Spotlight: Military Wife Finds Niche with Digital Photo Service

vistapix media

Being a military spouse can be tough. It often involves moving to new cities on a regular basis, making finding employment especially difficult. That was the case for Vista Bartholomew. But instead of working odd jobs at each new location, she came up with a creative solution.

Combining her passion for photography and her entrepreneurial spirit, Bartholomew created VistaPix Media. The company specializes in digital photo scanning, video transfer and similar services. And Bartholomew has even used her business as a way to help other military families in a unique way. Read more about her story in this week’s Small Business Spotlight.

What the Business Does:

Offers digital photo scanning and preservation services.

Currently the business offers digital photo scanning, slide scanning, video transfer and photo preservation services. Customers can send their photos and other materials into VistaPix Media and the business offers various options for transferring or preserving them. Customers then pay a fee based on the number of photos and specific services they require.

Business Niche:

Giving personal attention to each customer.

Since Bartholomew has had to go through several moves with her family, she understands how difficult it can be to preserve family photos and memories. For that reason, she takes care to offer great service to each individual customer.

How the Business Got Started:

Bartholomew struggled to find meaningful and fulfilling employment while moving from one military assignment to another. She also struggled to organize and preserve her family’s photos and memories. So she decided to merge her own need with her passion for photography to create a business. She explains:

“As a military wife that was always on the move, I understood the risks and challenges to sacred family keepsakes like photos as they are packed up and subjected to various elements. I created VistaPix Media to give others like myself a better solution to preserving these memories through digital scanning.”

VistaPix Media



All 50 of the company’s employees, including the owner, come from military families. Bartholomew thinks it is important for her company to show this type of commitment to supporting military families like hers. And she also thinks it has created a truly unique working environment. She says:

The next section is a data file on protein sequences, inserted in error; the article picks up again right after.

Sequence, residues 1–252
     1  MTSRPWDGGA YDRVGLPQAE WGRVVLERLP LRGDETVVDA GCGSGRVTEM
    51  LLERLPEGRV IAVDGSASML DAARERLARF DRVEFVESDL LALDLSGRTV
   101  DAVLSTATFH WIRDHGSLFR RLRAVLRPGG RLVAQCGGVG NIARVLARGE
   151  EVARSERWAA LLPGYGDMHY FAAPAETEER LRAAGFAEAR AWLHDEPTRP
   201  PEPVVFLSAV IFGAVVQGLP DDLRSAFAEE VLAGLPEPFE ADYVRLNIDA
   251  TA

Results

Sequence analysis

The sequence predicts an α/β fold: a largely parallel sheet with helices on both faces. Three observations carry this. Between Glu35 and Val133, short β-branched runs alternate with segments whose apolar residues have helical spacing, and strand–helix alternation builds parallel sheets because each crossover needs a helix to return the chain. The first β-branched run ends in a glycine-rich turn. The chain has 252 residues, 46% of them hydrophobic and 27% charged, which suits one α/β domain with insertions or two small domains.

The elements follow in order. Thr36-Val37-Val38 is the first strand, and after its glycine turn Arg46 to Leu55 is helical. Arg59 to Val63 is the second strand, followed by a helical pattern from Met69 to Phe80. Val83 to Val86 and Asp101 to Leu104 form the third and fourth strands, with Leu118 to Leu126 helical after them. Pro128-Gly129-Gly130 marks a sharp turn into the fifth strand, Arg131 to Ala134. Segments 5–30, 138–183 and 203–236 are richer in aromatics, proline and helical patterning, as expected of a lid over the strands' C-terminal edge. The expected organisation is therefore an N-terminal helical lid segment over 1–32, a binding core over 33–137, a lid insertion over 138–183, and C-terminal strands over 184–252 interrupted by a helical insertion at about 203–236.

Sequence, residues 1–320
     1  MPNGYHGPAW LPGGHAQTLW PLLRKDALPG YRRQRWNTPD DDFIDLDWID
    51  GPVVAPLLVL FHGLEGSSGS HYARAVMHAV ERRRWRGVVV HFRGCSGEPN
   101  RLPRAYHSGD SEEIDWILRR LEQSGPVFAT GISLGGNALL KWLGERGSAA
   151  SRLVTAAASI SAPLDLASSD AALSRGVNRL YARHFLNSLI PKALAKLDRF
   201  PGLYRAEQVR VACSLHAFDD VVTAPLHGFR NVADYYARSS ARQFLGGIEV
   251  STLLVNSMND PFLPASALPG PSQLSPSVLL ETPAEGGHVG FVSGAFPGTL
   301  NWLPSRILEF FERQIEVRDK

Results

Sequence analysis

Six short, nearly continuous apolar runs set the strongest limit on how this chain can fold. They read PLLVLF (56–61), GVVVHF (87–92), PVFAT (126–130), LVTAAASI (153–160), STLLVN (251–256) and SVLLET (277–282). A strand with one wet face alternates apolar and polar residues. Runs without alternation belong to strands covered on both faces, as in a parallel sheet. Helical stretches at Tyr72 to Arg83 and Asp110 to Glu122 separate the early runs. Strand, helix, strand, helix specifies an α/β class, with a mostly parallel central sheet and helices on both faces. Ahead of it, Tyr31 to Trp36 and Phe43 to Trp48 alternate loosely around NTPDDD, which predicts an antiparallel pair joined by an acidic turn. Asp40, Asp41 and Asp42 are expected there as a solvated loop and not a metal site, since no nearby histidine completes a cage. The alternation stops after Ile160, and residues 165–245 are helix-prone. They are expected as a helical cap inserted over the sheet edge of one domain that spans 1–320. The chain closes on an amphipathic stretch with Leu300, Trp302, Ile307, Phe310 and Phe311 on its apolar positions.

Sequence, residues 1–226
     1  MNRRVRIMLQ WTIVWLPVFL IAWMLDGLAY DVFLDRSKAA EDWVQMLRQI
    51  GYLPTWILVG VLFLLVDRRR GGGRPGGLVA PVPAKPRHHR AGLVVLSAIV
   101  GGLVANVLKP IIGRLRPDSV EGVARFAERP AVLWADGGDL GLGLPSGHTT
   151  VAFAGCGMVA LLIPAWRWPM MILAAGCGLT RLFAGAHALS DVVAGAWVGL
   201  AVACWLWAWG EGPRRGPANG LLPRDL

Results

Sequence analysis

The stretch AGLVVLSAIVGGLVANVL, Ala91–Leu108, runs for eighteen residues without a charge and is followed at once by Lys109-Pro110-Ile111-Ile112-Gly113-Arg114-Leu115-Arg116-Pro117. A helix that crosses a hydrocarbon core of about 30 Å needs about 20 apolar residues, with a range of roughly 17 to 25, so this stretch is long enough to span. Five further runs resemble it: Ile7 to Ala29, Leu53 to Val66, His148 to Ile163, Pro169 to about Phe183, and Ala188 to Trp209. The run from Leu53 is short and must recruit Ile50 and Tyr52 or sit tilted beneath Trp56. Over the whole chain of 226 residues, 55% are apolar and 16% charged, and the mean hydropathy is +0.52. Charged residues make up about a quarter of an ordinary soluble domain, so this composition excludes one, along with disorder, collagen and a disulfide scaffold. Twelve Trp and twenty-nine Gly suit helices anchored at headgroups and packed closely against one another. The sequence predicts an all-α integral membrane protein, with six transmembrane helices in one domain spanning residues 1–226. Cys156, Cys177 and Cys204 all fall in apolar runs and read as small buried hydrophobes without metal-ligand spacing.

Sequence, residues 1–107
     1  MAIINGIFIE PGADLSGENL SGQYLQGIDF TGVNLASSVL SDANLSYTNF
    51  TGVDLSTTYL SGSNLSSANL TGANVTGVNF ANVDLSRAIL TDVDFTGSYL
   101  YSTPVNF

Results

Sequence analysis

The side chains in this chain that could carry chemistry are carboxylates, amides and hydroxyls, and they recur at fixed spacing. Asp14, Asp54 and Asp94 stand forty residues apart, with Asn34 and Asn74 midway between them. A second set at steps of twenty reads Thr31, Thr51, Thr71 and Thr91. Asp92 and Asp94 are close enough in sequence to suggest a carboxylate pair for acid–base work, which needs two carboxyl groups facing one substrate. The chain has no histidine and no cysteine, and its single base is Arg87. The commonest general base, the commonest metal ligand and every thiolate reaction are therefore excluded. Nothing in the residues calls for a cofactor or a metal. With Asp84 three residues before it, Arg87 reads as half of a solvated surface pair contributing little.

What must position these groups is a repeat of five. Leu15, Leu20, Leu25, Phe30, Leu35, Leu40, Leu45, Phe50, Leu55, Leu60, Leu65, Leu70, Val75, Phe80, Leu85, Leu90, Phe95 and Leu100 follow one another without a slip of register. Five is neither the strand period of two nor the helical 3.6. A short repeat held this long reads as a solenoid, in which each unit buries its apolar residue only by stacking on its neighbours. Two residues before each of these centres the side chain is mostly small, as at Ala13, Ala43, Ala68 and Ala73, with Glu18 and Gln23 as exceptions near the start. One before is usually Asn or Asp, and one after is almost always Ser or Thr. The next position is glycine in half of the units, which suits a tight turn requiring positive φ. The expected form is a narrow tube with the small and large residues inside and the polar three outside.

“Because we all understand ‘military life’ our work environment maintains a unique level of camaraderie and support.”

Biggest Win:

Deciding to only hire military spouses and veterans.

Bartholomew says:

“As a wife of a service member myself, it was important to me to give back to the military community in any way that I could, which is why we made this choice in employment. While we understand why other businesses choose to outsource their service and employees, we felt that keeping the entirety of our business within the United States was the right decision.”

Biggest Risk:

Focusing on families over profits.

Bartholomew explains:

“I think there’s a lot of risk involved in getting any business up and running, and when that business is also dedicated to creating opportunities for its employees that aren’t necessarily laser-focused on the bottom line, and working to take current industry services to the next level, there’s a great deal of risk involved. Fortunately for us, thanks to our emphasis on quality and personal connections, we’ve experienced steady growth since our founding.”

How They’d Use an Extra $100,000:

Hiring more employees and adding more services.

Bartholomew said she would like to eventually expand the company’s digital scanning services to make sure that customers have more options. And of course, she would also like to hire even more military spouses and veterans as part of the VistaPix Media team.

VistaPix Media

Lesson Learned:

Enjoy the experience.

Overall, Bartholomew said she’s happy with the decisions she’s made to run her business. But she admits that she might have worried a little too much during the business’s early days. She says:

“As I look back now and see how far we’ve come, I wish I could give myself more faith that it would all work out. In terms of specific strategies, I’m very happy with my approach to this business and wouldn’t change a thing in that regard.”

Images: VistaPix Media


Annie Pilon Annie Pilon is a Senior Staff Writer for Small Business Trends, covering entrepreneur profiles, interviews, feature stories, community news and in-depth, expert-based guides. When she’s not writing she can be found exploring all that her home state of Michigan has to offer.

5 Reactions
  1. Inspiring. Business is really her only choice given her situation. But I guess it is really meant for her as she found her niche.

  2. It’s great she found something that worked for her, and it seems to have gone from strength to strength. I’m wondering though, what happens when/if it’s time to move again? I mean, the business seems mobile enough to absorb the move. But what about the employees?

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